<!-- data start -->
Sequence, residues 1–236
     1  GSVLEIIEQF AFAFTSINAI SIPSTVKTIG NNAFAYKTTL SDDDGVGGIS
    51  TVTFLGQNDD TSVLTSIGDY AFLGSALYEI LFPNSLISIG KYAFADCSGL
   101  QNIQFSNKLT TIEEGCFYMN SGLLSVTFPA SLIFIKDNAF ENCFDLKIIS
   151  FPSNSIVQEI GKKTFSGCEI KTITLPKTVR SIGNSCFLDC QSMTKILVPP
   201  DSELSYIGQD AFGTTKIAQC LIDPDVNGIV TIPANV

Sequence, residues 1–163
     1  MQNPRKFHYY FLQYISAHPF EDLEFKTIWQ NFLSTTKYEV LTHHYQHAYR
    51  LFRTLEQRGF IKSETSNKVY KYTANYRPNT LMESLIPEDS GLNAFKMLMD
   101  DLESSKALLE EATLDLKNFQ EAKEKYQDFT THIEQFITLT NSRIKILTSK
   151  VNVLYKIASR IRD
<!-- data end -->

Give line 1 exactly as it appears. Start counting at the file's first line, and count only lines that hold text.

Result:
Sequence, residues 1–236